TORONTO – War — what is it good for? Ratings, apparently.
TV’s “Storage Wars” franchise — where crafty teams of professional bidders scan storage units with flashlights and look for clues that suggest gems such as Rolexes, rare furniture, or even pianos lurk inside — has become wildly popular since its 2010 debut, drawing millions of viewers every week and spawning expansions into New York and Texas.
Now, one fan of the original show is set to star in the north-of-the-border spin-off “Storage Wars Canada,” which debuts Thursday.
“I thought it was modern-day treasure hunting,” says Roy Dirnbeck of Mississauga, Ont. “I own a small courier business, so when I saw this on TV, I had some spare time, and I used to sneak off to auctions. After hitting a couple good ones early, I couldn’t believe the kinds of things that people were leaving behind. It just became addictive for me.”
It’s become addictive for many others, too. Don Reinhart, the auctioneer for the Canadian incarnation, has been in the business for more than 40 years. He says crowds have ballooned in size in recent years, from 10 or 15 to as many as 200.
“It takes longer,” Reinhart says. “Where it used to be 15 or 20 minutes to sell two or three lockers, you’re now half an hour or 45 minutes because everybody has to have a look.”
Cast members on “Storage Wars Canada” have all been bestowed with specific labels: the devious Dirnbeck is the “instigator”, while Woodbridge, Ont., supply teacher Ursula Stolf’s penchant for designer heels and body-hugging dresses have earned her the “knockout” moniker. Cindy Hayden and her partner Rick Coffill, who have been involved with auctions for 17 years, fill the TV role of the “veterans.”
“Every unit has a story,” says Hayden. “We don’t know (the people who lost their units) personally, but by the end of the digging, you kind of feel bad, because they lost their locker.”
The cast members — all professionals of the circuit — say the cameras have brought a new kind of scrutiny and pressure.
“It’s ruining the business part of it because we’re paying extra for lockers,” says Dirnbeck, now a three-year vet. “Everyone wants to bid against us, everyone wants to beat us, they know we’re professionals and they want to prove themselves against us.”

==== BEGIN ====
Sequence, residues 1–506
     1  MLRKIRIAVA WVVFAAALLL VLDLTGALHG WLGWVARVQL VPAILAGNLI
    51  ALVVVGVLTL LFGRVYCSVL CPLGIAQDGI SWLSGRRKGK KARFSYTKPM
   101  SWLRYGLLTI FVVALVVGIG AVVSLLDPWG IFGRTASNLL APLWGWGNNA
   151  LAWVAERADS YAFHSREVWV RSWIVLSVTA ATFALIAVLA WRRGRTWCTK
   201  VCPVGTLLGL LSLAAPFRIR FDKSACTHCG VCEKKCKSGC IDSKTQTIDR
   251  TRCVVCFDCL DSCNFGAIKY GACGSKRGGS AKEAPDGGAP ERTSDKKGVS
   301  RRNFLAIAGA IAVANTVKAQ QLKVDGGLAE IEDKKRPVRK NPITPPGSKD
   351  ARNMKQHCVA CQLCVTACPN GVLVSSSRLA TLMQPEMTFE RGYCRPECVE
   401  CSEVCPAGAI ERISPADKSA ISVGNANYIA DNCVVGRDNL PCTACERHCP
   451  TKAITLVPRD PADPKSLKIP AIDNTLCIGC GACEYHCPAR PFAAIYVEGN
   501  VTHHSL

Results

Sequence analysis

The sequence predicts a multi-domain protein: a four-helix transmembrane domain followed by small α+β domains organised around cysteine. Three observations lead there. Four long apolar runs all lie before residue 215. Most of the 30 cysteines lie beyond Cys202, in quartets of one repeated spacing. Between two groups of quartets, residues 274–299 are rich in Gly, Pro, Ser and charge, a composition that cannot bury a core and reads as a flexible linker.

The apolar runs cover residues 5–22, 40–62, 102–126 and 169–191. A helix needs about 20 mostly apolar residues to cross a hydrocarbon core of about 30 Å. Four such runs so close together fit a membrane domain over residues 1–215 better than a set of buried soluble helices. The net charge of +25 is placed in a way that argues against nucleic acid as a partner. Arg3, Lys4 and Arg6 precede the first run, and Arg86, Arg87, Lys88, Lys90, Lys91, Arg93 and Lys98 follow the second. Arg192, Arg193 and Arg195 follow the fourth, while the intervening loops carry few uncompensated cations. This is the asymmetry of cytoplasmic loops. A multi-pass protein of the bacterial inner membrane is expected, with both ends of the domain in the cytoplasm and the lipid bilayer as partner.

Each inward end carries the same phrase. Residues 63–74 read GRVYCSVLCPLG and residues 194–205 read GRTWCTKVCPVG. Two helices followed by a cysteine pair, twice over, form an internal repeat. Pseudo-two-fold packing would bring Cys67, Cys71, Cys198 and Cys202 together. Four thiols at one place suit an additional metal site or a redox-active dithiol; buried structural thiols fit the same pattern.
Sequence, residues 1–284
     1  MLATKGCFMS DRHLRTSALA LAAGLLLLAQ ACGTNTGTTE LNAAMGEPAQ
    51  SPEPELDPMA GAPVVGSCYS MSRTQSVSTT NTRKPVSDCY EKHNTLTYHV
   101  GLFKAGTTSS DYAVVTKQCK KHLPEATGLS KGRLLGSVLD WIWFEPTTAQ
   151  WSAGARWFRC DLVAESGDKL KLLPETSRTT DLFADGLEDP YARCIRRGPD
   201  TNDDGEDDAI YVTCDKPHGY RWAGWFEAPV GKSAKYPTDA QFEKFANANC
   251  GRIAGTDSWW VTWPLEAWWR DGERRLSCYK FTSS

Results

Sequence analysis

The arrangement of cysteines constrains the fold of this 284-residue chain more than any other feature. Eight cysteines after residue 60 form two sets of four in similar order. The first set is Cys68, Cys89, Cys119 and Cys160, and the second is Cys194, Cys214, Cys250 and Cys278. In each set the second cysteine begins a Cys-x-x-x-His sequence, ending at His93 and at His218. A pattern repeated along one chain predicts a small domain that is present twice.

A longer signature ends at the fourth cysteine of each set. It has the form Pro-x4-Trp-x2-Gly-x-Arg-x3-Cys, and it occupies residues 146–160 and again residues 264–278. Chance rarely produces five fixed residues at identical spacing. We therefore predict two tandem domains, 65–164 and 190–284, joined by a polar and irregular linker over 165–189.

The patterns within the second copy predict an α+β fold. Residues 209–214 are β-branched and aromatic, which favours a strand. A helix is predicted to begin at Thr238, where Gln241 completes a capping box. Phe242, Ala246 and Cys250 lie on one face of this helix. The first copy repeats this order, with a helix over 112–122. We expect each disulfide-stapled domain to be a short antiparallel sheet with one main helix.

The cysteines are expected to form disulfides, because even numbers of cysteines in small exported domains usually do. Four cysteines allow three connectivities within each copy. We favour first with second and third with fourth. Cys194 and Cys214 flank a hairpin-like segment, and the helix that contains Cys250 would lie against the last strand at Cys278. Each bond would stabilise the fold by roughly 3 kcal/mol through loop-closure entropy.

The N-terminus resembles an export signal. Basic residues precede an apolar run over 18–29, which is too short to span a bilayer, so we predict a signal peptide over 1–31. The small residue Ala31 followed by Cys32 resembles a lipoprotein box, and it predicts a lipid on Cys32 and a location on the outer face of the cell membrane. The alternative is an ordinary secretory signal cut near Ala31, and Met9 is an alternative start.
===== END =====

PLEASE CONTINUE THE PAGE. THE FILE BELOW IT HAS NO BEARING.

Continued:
“And the thing is, they come to know our characters, know what we’re coming to look for and what we’re coming to buy,” Stolf adds. “Take, for example, if there’s a clothes locker: Everyone in a crowd knows, ‘It’s an Ursula locker.’ I know that that locker, if it’s worth $500, if I really want it, I have to pay $2,000. It becomes a little cumbersome, but you deal with it.
But leave it to the confident and canny Dirnbeck to see it all as strategy.
“We’re professionals, we know what the number should be. So if someone wants to bid us up, we’ll let them have fun for a while. They never come back the next week. They get stuck with stuff. They don’t play that game very long; we’re just weeding them out right now. It’s gonna come, we were expecting it.”
The popularity also raises the risk of celebrating the glamour of the high-stakes bidding without the focus on the hard work that follows — moving the often heavy and musty contents, fixing what’s broken, cleaning the storage unit, and occasionally all for nothing, when a bet on a bin goes bad. Indeed, while the profits can be tantalizing, Coffill says he and Hayden have found dead cats and other animals among the lots they’ve purchased.
“I wouldn’t recommend that anyone go out and quit their job and decide to do this full-time,” says Coffill. “It’s not something you can just jump into, because you can lose utterly, and I don’t want to see anybody do that. It is gambling.”
At the end of the day, all is fair in love and “Storage Wars.” Hayden and Coffill are common-law partners, and the cast also features a father-and-son duo and is entirely made up of people clearly passionate for the work that they do.
“But when the door goes up, there are no friends,” says Coffill.
“Storage Wars Canada” premieres Thursday on OLN.